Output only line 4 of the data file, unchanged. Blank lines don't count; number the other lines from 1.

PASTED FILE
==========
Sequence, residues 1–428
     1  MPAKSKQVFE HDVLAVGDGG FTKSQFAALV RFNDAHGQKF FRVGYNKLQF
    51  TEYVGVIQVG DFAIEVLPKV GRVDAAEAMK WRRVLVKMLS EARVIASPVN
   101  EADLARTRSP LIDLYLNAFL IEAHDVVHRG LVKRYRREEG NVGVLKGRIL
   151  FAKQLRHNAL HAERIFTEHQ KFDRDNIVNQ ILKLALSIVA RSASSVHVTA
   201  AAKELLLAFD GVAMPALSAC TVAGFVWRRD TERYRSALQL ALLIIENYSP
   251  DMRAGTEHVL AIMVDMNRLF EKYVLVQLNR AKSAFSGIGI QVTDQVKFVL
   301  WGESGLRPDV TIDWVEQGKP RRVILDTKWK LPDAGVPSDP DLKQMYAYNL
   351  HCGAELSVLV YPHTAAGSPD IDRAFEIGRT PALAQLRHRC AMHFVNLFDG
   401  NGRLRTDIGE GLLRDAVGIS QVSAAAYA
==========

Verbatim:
   101  EADLARTRSP LIDLYLNAFL IEAHDVVHRG LVKRYRREEG NVGVLKGRIL